Wi,rr each piece I have tried to include a few tips that may help head off potential difficulties. Please look back over these as you progress further through the grades, because the tips will help with more than one piece.

You can never have too much material to read, so I suggest that

to further supplement this book you obtain any of the 'busker-style' books n.hich have a song on one or two pages maximum. This enables you to plal'" the chords without having to flick pages. Don't worry if some of the chords are outside your brief for the grade. If you don't know the chord, play one that is as near as you can to it: if it reads GmajT - play G, until you learn the full chord and carry on. The important thing is: DON'T STOP!

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Introduction Note values To play any rhythm, it's useful to know the different musical signs and symbols that are universally used. This will help you to play through any time signature, and more importantly, to eventually make up your own rhythms. The following notes and their rhythmic equivalent are shown together with the direction of the strum that you need:

CROTCHET (QUARTER NOTE) In a X time bar you would normally find four of these, with one beat on each. All the stums would be down. These are shown: D, D, D, D.

Crotchet

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1

MINIM (HALF NOTE) In a X time bar you would play two of these. The strums would both be down, but with a gap of one beat between each strum.

QUAVER (EIGHTH NOTE) In a X bar you could play eight of these. The strums would be down

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and up strokes, and are usually

shown as: Down/up,down/up down/up down/ up or:D/U, DN ,DN,DN

SEMTBREVE (WHOLE NOTE) In a X bar you would only find one of these lasting the whole bar. Try to let the chord ring on for the whole four beats.

Quaver

and

StrumDlU D/U DIU

D/U

Strum Patterns The following strum patterns are probably the most commonly used rhythms. Start by practicing chords that you know over these pattems. Try to keep a strong beat, and accent (play louder) the first beat in every bar.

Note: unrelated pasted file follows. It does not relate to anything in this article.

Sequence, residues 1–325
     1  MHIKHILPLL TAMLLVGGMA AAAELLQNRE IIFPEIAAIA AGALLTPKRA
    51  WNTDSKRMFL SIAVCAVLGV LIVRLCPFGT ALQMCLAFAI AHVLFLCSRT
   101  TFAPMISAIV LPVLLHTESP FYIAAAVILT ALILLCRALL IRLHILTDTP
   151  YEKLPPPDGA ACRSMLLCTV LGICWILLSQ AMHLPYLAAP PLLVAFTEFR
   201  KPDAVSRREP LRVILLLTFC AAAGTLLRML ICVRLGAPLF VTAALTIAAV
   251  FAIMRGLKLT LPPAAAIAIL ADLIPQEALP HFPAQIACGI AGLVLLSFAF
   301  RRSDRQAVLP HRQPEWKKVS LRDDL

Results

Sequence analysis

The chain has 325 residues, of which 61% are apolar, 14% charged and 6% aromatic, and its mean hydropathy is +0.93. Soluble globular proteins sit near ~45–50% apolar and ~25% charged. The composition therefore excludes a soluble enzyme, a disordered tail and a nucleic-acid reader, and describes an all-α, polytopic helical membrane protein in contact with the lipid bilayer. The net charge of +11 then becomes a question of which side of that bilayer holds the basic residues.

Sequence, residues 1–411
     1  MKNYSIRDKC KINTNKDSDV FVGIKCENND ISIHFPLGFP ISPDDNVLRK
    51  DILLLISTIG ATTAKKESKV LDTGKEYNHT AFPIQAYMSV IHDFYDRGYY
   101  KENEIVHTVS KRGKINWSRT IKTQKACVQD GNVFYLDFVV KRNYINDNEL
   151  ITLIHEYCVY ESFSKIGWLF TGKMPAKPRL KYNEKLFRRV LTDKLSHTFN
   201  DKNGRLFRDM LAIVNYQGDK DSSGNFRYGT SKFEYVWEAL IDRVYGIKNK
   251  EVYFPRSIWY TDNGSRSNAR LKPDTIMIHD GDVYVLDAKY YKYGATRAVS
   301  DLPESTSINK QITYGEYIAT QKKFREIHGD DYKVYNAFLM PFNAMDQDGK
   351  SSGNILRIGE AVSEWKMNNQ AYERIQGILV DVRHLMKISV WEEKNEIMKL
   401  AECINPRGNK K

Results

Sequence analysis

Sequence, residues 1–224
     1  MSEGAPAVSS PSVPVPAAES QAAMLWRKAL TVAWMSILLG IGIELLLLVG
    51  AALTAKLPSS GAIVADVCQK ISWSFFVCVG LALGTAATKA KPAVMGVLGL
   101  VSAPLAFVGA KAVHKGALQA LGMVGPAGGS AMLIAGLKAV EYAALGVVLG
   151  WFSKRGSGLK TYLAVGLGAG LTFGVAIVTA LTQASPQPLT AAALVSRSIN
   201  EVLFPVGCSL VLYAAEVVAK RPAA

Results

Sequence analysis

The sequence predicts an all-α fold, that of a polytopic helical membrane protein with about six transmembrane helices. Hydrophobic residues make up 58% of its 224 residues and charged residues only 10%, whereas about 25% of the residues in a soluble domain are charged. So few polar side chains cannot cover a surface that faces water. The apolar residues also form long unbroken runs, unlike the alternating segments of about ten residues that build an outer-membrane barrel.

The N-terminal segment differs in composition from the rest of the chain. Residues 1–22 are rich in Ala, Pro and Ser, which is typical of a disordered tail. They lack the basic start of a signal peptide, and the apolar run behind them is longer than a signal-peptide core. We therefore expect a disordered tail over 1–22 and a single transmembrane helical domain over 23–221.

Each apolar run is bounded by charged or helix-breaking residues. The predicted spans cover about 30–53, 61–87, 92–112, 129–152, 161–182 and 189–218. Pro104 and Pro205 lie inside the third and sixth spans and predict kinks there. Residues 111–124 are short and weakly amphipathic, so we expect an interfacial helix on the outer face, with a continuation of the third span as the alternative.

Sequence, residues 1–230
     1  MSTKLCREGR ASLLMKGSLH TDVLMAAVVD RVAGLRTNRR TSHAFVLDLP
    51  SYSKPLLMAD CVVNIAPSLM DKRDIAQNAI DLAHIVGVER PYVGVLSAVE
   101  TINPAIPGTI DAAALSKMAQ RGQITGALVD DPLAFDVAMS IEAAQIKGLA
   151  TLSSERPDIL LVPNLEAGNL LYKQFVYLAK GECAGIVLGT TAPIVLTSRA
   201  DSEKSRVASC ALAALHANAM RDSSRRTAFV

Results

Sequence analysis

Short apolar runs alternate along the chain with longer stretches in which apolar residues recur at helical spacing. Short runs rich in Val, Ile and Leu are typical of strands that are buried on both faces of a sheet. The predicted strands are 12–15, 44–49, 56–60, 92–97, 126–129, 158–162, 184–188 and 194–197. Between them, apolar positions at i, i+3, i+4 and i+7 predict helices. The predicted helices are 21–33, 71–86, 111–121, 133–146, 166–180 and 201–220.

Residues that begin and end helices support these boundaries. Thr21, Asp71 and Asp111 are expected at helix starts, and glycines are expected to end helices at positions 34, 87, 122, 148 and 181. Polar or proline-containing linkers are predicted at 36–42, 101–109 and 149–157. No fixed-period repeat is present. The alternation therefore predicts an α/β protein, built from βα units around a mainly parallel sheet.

Pattern (a)

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1" 2 3 (4) sim....... Strum D, D, D, (let ring) sim.... Count

Pattern (b)

Count 1 2and

3 4 Strum D, D lU D, D.

Pa,ttern (c)

L Z 3and 4 Strum D, D, D lU D. Count

Pattem (d)

Count

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Strum

D,Dru

Zand 3and 4

DN

D.

Note: In the Registry of Guitar Tutors examinations the rhythm pattern that you play will not be notated.It is up to you to have practised a repertoire of useful rhythmic pattems from whir you can select an appropriate one for the style of the piece.

Preliminary Grade As outlined in the Registry of Guitar Tutors examination handbook, all the pieces for this grade are in X time, so to begin with play four beats to the bar (four down strums) whilst you pr*ti.. slowly through this first piece. Try to keep going at the chord changes. As soon as you can, look at the tempo and style markings at the beginning of each piece.

1.

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Note that the double dots at the end of the 6th bar mean: "Repeat from the beginning", if there are no previous double dots.

Moderate tempo

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a